A University of Miami doctor recently removed two cancerous tumors from a patient's liver using only three needle-like probes, a computer and a powerful burst of electricity.
His instrument was the NanoKnife -- not really a knife at all, but yet another new use of nanotechnology, the science of dealing with particles and dimensions down to the atomic level.
The patient, Maria Gomez of Delray Beach, Fla., went home the next day with little pain and no bleeding. She has a good chance of avoiding the liver transplant that was being considered before the operation in early January, says Dr. Govindarajan Narayanan, chief of vascular interventional radiology at the UM Miller School of Medicine.
"I think it's the best procedure," Gomez, 67, said a few days after the procedure. "I studied this. It's my life."
"Rather than using surgery or a transplant, we decided to try this non-invasive technique," said Narayanan. "We did a scan afterwards and it looked very good. In a month, we'll get another scan."
Narayanan is enthusiastic about the NanoKnife. It allows doctors to excise primary tumors that until now were considered inoperable, and can be used on tumors that have spread from cancer in other parts of the body, he said.
The UM center got its NanoKnife late last year, becoming the first facility in Florida and fourth in the United States to use one. Developed by AngioDynamics of Queensbury, N.Y., the device costs about $300,000; each probe costs $2,000.
Narayanan calls the NanoKnife "a major step forward in cancer treatment."
"We're still in the early stages of using it," he says. "It's good for tumors less than five centimeters; for really big tumors it's less good. My guess is it will be very effective in selective patients."
Dr. David Hays, a radiologist in Little Rock, Ark., who also uses the NanoKnife, agrees on its importance.
"It adds to rather than replacing the methods we're using today," he says. "When you take them all together, I believe they can increase cancer survival rates."
The NanoKnife is a series of needle-like steel probes with an electrical generator, a computer with monitor and a couple of foot pedals to operate it.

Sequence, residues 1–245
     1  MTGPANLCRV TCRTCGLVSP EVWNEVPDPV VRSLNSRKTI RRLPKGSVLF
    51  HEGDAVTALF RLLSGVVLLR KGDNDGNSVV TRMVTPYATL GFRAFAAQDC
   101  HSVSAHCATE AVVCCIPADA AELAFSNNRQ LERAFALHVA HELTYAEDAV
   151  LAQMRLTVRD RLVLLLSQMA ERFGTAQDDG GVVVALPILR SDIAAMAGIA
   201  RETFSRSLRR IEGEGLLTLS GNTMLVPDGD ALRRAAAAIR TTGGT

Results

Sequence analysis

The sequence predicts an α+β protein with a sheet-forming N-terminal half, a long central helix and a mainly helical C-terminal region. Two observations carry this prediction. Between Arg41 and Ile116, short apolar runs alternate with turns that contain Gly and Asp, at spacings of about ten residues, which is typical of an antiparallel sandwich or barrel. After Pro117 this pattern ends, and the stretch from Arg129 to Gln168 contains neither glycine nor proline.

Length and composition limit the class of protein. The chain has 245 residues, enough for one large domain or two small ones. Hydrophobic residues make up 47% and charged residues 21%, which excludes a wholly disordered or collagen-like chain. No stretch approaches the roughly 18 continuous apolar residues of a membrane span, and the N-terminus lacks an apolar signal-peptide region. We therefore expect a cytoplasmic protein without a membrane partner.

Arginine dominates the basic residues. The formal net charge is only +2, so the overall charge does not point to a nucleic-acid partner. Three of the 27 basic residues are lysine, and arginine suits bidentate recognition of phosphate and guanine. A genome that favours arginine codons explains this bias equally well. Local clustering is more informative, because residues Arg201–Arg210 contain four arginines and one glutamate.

The "nano" aspect of the procedure is that the electrical pulses poke infinitesimal holes in the tumor's cellular walls, causing them to die naturally and be routinely discarded by the body.
"The liver regenerates in the area where we removed the tumor," Narayanan says.
In his operation on Gomez, Narayanan watched the monitor of a CT scanner to precisely position three probes around the first of her tumors. He then used the NanoKnife's computer and monitor to precisely set the electrical pulse, then triggered it with a foot pedal. In a minute or so, the tumor was destroyed. He then used two probes on the smaller tumor.
Gomez was then brought out of general anesthesia.
"She woke up, had some Jell-O, slept through the night, got up, brushed her teeth and went home," he says.
"I feel fine," Gomez said a few days after the procedure.
The new procedure was much less arduous than surgery used in 2006 to remove an earlier tumor in her liver. When the tumors recurred, doctors first recommended a transplant. Then Narayanan suggested the NanoKnife.
"I chose to avoid the transplant if I could," Gomez said.
Doctors hope that, because of its precision, the NanoKnife will be more likely to remove an entire tumor, leaving the patient cancer-free.
They say it's easier on patients than previous methods. A few years ago, Gomez's tumor would have called for major surgery. More modern, less invasive methods such as radiofrequency ablation or cryoablation attack the tumor with extreme heat or cold, which can damage healthy surrounding tissue. The NanoKnife creates no heat or cold, avoiding such damage. And Narayanan says there's a large artery running very close to the liver that could be damaged by the other techniques.
Hays, the Arkansas radiologist, agrees that, since the NanoKnife creates no heat or subfreezing temperatures, it can be used in some patients who can't undergo radiofrequency ablation and cryoablation.
Those methods "do well in killing the cancer," Hays says, "but they cause significant collateral damage to surrounding blood vessels, arteries and bile ducts. So there are some patients we can't treat with those methods."
While Narayanan used the NanoKnife for a liver tumor, doctors in other states and countries also are using it for tumors of the lung, kidney and prostate. In the prostate procedure, they hope the device's precision can spare surrounding nerves and maintain continence and sexual function.
"There's a lot of work going on to see what it can do," Narayanan said.
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